The Garberg has a Scandinavian grind clip point blade with a secondary micro bevel. It is full tang construction (although it is not full broad tang) with the tang extending 3mm beyond the butt, presenting a pounding surface. The spine of the blade has a sharp, ninety degree grind along its entire length providing an excellent scraping edge. The edge of the extended tang can be used for this purpose as well.
The nicely shaped handle is made out of black coloured, hard polyamide plastic with some diamond texture on the sides and a fair sized lanyard hole at the back.
This handle feels good in the hand and provides a very secure grip even when wet. Here are a few “in hand” pictures to demonstrate this in the most common holds.
The fully ambidextrous “Multi-Mount” sheath is more like a very versatile sheath system. This system comes with different, interchangeble accessories and practically allows the knife to be safely and securely mounted anywhere and to anything (including MOLLE, LBE, PDF, boats, planes, walls, etc...), as well as normal belt carry.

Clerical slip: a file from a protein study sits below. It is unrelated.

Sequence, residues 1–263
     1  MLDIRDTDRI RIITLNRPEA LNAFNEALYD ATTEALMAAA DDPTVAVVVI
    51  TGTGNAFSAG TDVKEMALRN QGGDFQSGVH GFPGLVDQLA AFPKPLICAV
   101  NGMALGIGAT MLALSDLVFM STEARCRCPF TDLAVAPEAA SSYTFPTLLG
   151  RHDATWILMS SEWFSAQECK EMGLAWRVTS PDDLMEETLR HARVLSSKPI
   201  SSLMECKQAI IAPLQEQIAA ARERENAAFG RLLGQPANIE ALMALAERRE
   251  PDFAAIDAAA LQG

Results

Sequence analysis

Here it is attached to my backpack with the provided accessories via the MOLLE system.
This sheath is made out of a plastic polymer, so it is impervious to the weather. It holds the knife secure with the new “over the top- strap and snap” closure. Also, there are two large drainage holes at the bottom of the sheath to quickly get rid of any liquids or excess moisture.
I like to use a given knife (or any gear...) for a period of time before I form and share my opinion. I have this particular knife in my possession for about three months now and I used it extensively for many different tasks and tests, out of doors and around the house. I grouped my observations and experiences in categories by field of use, rather than in a chronological order and I would like to share them here with everyone who is interested.
My first group of assignments is some cutting and slicing tests. As usual in this part of my test regime, I tried to get and use as many different materials as possible for cutting subjects in order to get a good idea about the potential and capabilities of the given knife. One of the first tests I do is newspaper slicing. A knife has to be sharp to slice copy paper and even sharper to slice newsprint (not magazine pages). Effortless, slicing here...